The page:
Today, let’s take a peek at Kate DiCamillo’s charming book about the adventures of a mouse, The Tale of Despereaux. One of the reasons I love this book is the way it deals with the struggle to be one’s own unique self—a struggle every child experiences.
Despereaux is born within the walls of a castle, the only one of a large litter of mice to be born alive. But his parents think something is wrong with him. His body is too small, his ears are too large, and he is born with his eyes wide open. Plus, he is not interested in looking for crumbs, like the other mice are. His French mother says, “You are such the skinny mouse. You are a disappointment to your mama.”
Despereaux’s older sister Merlot takes him to the castle library to teach him how to nibble the paper in the pages of books, and here’s what happens:
“Despereaux looked down at the book, and something remarkable happened. The marks on the pages, the ‘squiggles’ as Merlot called them, arranged themselves into shapes. The shapes arranged themselves into words, and the words spelled out a delicious and wonderful phrase: ‘Once upon a time’.
‘Once upon a time,’ whispered Despereaux.
His sister urges him to nibble the page, but he tells her he couldn’t possibly because it would ruin the story. So when Merlot leaves, Despereaux begins to read.
“Once upon a time, he said aloud, relishing the sound. And then, tracing each word with his paw, he read the story of a beautiful princess and the brave knight who serves and honours her.
“Despereaux did not know it, but he would need, very soon, to be brave himself.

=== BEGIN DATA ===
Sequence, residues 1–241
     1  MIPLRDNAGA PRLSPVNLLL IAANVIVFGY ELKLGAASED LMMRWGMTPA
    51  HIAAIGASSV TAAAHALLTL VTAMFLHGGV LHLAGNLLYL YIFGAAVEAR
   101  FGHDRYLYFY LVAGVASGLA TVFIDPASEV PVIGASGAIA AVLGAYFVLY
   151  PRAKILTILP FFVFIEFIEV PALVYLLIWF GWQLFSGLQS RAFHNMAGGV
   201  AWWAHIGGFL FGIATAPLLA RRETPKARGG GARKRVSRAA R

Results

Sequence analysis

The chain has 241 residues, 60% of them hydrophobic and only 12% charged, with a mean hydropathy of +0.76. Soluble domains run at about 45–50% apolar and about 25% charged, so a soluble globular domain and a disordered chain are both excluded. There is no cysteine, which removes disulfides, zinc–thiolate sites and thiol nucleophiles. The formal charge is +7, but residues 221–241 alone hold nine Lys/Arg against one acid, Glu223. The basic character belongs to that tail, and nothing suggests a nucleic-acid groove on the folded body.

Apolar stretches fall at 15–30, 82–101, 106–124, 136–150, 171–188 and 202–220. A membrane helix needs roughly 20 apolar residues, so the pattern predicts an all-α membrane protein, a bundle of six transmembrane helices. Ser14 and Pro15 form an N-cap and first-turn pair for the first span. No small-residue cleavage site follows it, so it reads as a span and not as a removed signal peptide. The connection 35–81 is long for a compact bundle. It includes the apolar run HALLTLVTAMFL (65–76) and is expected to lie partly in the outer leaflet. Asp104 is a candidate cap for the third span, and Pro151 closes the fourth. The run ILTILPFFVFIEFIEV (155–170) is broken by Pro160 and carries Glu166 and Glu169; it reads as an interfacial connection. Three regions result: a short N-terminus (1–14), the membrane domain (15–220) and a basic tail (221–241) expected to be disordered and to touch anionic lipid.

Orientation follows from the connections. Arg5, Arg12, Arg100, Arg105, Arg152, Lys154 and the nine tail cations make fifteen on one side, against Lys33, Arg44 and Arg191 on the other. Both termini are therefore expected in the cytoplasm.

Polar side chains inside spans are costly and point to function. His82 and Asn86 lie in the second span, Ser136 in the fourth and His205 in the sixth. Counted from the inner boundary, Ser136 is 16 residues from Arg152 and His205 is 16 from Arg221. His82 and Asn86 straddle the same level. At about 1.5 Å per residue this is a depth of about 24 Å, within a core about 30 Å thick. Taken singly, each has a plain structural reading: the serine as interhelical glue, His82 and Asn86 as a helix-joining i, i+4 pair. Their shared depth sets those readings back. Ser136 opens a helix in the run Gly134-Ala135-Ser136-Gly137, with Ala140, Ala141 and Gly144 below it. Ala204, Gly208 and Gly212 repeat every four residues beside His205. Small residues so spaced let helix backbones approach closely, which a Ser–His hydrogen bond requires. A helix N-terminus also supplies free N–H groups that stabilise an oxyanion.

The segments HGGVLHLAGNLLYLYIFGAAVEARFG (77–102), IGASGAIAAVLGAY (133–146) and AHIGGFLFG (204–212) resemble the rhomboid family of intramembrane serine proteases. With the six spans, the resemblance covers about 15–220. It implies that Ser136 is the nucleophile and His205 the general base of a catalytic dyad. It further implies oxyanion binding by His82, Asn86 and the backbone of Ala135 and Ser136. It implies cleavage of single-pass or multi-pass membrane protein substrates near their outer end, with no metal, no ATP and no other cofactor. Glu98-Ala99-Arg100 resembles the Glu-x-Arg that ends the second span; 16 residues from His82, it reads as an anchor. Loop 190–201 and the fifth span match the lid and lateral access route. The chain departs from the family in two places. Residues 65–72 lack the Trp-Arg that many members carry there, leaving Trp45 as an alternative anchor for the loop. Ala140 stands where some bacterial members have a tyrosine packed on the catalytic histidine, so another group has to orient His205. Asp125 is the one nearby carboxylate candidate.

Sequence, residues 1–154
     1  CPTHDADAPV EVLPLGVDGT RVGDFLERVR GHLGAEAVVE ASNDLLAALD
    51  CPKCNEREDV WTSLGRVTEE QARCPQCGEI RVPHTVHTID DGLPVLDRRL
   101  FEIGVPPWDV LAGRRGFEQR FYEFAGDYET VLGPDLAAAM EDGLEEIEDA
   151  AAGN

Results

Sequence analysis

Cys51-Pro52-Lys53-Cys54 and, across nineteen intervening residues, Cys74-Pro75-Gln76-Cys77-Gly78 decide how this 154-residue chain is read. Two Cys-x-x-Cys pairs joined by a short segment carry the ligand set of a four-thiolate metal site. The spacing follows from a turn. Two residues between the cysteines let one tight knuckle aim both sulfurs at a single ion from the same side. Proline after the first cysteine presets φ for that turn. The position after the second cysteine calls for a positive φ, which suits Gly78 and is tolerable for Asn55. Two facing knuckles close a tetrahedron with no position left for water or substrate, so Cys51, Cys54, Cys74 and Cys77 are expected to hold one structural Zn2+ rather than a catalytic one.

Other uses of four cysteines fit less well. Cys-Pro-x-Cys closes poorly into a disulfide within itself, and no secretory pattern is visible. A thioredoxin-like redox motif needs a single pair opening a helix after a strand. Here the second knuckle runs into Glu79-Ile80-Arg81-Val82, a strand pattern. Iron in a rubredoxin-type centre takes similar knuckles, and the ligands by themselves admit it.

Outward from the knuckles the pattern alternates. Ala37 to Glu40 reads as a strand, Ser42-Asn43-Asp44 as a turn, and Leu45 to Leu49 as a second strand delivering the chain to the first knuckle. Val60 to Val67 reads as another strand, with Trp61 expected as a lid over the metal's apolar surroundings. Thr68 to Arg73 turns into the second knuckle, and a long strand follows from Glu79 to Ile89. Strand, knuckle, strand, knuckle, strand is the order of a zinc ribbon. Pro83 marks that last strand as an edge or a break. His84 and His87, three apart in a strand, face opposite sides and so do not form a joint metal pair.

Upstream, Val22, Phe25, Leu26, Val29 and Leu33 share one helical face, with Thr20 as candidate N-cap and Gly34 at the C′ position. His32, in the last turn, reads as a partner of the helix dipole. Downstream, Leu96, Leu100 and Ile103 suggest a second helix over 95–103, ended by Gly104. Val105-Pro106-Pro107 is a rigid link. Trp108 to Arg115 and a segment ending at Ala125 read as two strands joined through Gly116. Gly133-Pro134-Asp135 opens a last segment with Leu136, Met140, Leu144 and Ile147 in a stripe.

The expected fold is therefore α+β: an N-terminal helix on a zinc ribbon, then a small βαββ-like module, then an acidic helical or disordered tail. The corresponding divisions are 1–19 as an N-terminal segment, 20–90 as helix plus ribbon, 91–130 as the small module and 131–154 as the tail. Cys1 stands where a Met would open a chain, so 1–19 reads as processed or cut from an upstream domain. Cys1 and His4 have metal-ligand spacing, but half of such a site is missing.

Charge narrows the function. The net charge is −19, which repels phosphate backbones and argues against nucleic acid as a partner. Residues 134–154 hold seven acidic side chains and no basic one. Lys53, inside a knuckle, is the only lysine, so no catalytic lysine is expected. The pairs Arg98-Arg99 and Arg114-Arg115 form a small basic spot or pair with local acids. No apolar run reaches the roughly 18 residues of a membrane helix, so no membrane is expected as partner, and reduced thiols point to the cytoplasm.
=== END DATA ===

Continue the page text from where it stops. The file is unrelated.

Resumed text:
“Have I mentioned that beneath the castle there was a dungeon? In the dungeon there were rats. Large rats. Mean rats.
“Despereaux was destined to meet those rats.
“Reader, you must know that an interesting fate (sometimes involving rats, sometimes not) awaits almost everyone, mouse or man, who does not conform.
I love the way that it is Despereaux’s ability to read that stirs his sense of self and leads him down a “road less traveled.” It’s a road full of challenges, of course, but it will also lead to real fulfillment.
I can’t think of a better way to sum up this theme than with the words of the poet, e. e. cummings: “To be nobody-but-yourself in a world that is trying night and day to make you everybody else, is to fight the hardest battle anyone will ever fight, and never stop fighting.”
Every young person faces that battle, and it’s not easy. So I’m thankful for stories like this one which reaffirms that it’s okay—in fact it’s a good thing—to be true to yourself.
If you haven’t read The Tale of Despereaux, check it out, and share it with the young folks in your life. It might lead to some interesting conversations about what it means to “be yourself.”